19 F3d 19 Taylor v. Ruffino

19 F.3d 19

William TAYLOR, Petitioner-Appellant,
Tommy RUFFINO; U.S. Parole Commission, Respondents-Appellees.

No. 93-5993.

United States Court of Appeals, Sixth Circuit.

March 11, 1994.

NOTICE: Sixth Circuit Rule 24(c) states that citation of unpublished dispositions is disfavored except for establishing res judicata, estoppel, or the law of the case and requires service of copies of cited unpublished dispositions of the Sixth Circuit.

view counter

Before: KENNEDY and GUY, Circuit Judges; and FEIKENS, Senior U.S. District Judge.*



William Taylor, a pro se Tennessee prisoner, appeals a district court judgment dismissing his petition for a writ of habeas corpus filed under 28 U.S.C. Sec. 2241. The case has been referred to a panel of the court pursuant to Rule 9(a), Rules of the Sixth Circuit. Upon examination, this panel unanimously agrees that oral argument is not needed. Fed.R.App.P. 34(a).


On August 28, 1992, the United States Parole Commission (USPC) issued a parole violator warrant against Taylor, because he allegedly engaged in a conspiracy to transport cocaine. The warrant was executed on September 14, 1992, and a preliminary interview was conducted on October 20, 1992. On December 14, 1992, the USPC found probable cause to go forward with a parole revocation hearing. Thereafter, on January 26, 1993, the USPC revoked Taylor's parole and returned him to prison to serve the remainder of an aggregate life sentence for a previous conviction for possession with intent to distribute a controlled substance and for conspiracy to murder.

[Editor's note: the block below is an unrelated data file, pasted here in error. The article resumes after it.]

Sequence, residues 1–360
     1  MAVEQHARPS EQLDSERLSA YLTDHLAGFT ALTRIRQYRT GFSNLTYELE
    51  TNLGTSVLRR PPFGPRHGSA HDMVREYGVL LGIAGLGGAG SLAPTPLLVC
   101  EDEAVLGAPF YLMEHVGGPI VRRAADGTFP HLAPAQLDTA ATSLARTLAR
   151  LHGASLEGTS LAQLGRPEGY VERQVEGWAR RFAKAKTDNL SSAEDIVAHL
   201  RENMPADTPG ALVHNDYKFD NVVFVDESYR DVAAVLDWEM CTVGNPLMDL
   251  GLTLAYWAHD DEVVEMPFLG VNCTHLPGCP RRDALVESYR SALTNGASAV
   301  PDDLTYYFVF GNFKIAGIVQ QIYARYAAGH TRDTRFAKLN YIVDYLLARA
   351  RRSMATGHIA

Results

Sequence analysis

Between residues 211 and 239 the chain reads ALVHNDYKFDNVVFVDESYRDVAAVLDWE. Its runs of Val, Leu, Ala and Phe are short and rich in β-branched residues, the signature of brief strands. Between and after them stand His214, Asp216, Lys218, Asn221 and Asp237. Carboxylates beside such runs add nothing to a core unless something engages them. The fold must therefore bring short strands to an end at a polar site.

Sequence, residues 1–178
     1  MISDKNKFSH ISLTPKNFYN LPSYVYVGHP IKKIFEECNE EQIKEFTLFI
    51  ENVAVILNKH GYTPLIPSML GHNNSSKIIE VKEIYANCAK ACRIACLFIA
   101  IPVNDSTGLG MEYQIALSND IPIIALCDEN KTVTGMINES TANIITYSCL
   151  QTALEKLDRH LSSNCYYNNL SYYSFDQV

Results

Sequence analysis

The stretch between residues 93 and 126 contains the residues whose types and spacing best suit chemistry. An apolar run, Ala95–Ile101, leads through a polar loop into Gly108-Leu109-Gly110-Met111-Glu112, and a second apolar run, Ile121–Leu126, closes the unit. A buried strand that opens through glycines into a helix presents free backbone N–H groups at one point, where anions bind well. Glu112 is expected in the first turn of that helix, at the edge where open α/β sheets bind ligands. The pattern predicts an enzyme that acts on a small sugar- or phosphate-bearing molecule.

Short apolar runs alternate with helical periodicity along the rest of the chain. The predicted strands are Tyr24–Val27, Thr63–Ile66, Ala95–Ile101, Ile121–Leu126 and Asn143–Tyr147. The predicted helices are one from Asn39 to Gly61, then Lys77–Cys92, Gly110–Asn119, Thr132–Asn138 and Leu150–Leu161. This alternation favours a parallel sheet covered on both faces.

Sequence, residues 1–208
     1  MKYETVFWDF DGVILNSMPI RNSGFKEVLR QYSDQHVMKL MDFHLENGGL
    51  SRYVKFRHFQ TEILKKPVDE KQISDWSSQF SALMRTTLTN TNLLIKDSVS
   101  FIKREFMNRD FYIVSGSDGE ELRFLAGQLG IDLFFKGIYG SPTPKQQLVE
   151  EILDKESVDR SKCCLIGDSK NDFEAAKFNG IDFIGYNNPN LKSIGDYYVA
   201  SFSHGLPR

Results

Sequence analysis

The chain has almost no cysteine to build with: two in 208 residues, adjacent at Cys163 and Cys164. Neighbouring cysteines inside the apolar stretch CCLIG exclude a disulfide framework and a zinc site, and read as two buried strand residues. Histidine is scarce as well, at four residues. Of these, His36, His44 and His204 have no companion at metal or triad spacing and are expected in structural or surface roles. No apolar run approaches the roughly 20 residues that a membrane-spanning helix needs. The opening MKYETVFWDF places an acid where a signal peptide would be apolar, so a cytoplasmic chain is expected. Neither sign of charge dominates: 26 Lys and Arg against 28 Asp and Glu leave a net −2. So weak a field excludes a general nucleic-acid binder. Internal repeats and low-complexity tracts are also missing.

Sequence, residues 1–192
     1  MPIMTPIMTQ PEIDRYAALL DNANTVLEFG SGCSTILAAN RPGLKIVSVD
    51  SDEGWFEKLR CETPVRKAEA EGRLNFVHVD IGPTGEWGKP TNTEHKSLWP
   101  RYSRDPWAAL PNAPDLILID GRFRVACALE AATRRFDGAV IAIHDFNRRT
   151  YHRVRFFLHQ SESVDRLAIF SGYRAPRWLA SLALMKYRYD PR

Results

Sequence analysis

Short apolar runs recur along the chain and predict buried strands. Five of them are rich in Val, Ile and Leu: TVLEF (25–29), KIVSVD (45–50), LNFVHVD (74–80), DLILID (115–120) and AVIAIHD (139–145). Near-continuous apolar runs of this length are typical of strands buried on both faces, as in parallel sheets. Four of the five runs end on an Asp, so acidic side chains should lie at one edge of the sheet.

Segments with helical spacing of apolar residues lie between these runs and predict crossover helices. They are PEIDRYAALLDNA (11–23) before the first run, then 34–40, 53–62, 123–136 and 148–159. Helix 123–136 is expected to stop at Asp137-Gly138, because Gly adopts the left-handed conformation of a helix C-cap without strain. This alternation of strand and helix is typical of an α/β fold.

In his petition for a writ of habeas corpus, Taylor argued that the USPC denied him a timely parole revocation hearing in violation of 28 C.F.R. Sec. 2.49. The district court dismissed the petition because Taylor had not shown that he was actually prejudiced by the delay. Taylor has filed a timely appeal, as well as a motion to proceed in forma pauperis on appeal.


Upon review, we affirm the district court's judgment because Taylor has not shown that the proceedings against him were fundamentally unfair or that they resulted in his unjust confinement. Cf. Lundy v. Campbell, 888 F.2d 467, 469-70 (6th Cir.1989), cert. denied, 495 U.S. 950 (1990). Taylor is not entitled to habeas relief on his claim that the USPC unreasonably delayed his parole revocation hearing because he has not shown that the alleged delay actually prejudiced him. See Villarreal v. United States Parole Comm'n, 985 F.2d 835, 837 (5th Cir.1993). Nor is he entitled to relief based on the delay between his preliminary interview and the USPC's probable cause determination. See Vargas v. United States Parole Comm'n, 865 F.2d 191, 194 (9th Cir.1988).


Accordingly, we hereby grant Taylor's motion to proceed in forma pauperis for purposes of this appeal and affirm the district court's judgment. Rule 9(b)(3), Rules of the Sixth Circuit.


The Honorable John Feikens, Senior U.S. District Judge for the Eastern District of Michigan, sitting by designation